Aug 092012

John Dean referenced Bob Altemeyer’s work extensively in his 2006 book, “Conservatives without Conscience.”

A 27-page condensed and abstracted version is available on this site at: 

To read the complete 254-page original, your link is

Also, I have found an audio CD, read by the author at:

Altemeyer explains: “This book is about what’s happened to the American government lately. It’s about the disastrous decisions that government has made. It’s about the corruption that rotted the Congress. It’s about how traditional conservatism has nearly been destroyed by authoritarianism. It’s about how the “Religious Right” teamed up with amoral authoritarian leaders to push its un-democratic agenda onto the country. It’s about the United States standing at the crossroads as the next federal election approaches.”

“The feedback I’ve gotten from those who have read The Authoritarians enables me to give you the major reason why you might want to do so too.   “It ties things together for me,” people have said, “You can see how so many things all fit together.” “It explains the things about conservatives that didn’t make any sense to me,” others have commented. And the one that always brings a smile to my face, “Now at last I understand my brother-in-law” (or grandmother, uncle, woman in my car pool, Congressman, etc.)”

Ever since John W. Dean published his Conservatives Without Conscience in 2006, much interest has been vested in the research of Dr. Bob Altemeyer that was so prominently featured in the book. In CWC, Dean set out to learn why modern conservatives seemed to think and behave in ways diametrically opposite the righteous and moral values they so publicly espoused. What he discovered was an existing body of scientific research tracing back to the cinders of the Holocaust. This research focused on the Authoritarian Personality, which social scientists believe was the enabling element within German society that was so deftly exploited by Adolph Hitler and the Third Reich.  Bob Altemeyer’s research on the Authoritarian Personality, summarized in this book, won the American Association for the Advancement of Science’s Prize for Behavioral Science Research.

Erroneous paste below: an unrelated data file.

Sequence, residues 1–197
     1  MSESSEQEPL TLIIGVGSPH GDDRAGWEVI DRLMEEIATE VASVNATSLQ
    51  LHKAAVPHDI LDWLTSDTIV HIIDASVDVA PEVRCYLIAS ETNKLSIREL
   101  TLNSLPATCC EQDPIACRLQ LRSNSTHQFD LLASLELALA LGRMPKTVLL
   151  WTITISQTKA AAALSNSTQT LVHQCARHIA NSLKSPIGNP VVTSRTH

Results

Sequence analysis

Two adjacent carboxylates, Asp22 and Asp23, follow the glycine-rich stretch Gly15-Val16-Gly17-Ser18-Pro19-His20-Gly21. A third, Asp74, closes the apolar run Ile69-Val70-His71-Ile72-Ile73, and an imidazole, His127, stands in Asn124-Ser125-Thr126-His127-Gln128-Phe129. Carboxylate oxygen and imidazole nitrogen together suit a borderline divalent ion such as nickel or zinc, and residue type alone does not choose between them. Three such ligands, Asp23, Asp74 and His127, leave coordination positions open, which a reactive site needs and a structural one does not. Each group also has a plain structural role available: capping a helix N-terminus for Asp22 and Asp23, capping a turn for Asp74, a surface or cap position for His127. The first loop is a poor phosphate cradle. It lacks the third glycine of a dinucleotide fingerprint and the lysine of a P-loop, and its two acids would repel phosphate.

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Oct 282011

By David Satterlee

Published in the Dayton Review, September 28, 2011 – Front page, above the fold, with picture

Community news

Read the entire article at:

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Oct 282011

By David Satterlee

Published in the Dayton Review, September 28, 2011 – Front page, above the fold, with pictures

[Larry and Jerry Sharer in picture at right]

The weather was dreary but the spirits were high. “This was what they wanted to do and where they wanted to be. They seemed completely at ease. They were comfortable with the weather. They were comfortable with each other and their mounts. They were comfortable with the mud and manure.”

Read the entire article at:

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Oct 282011

By David Satterlee

Published in the Dayton Review on October 19, 2011 – Front page, above the fold

It was a privilege to be “embedded” with the emergency first responders in this drill. Special thanks to the K-9 dog team who agreed to let me accompany them.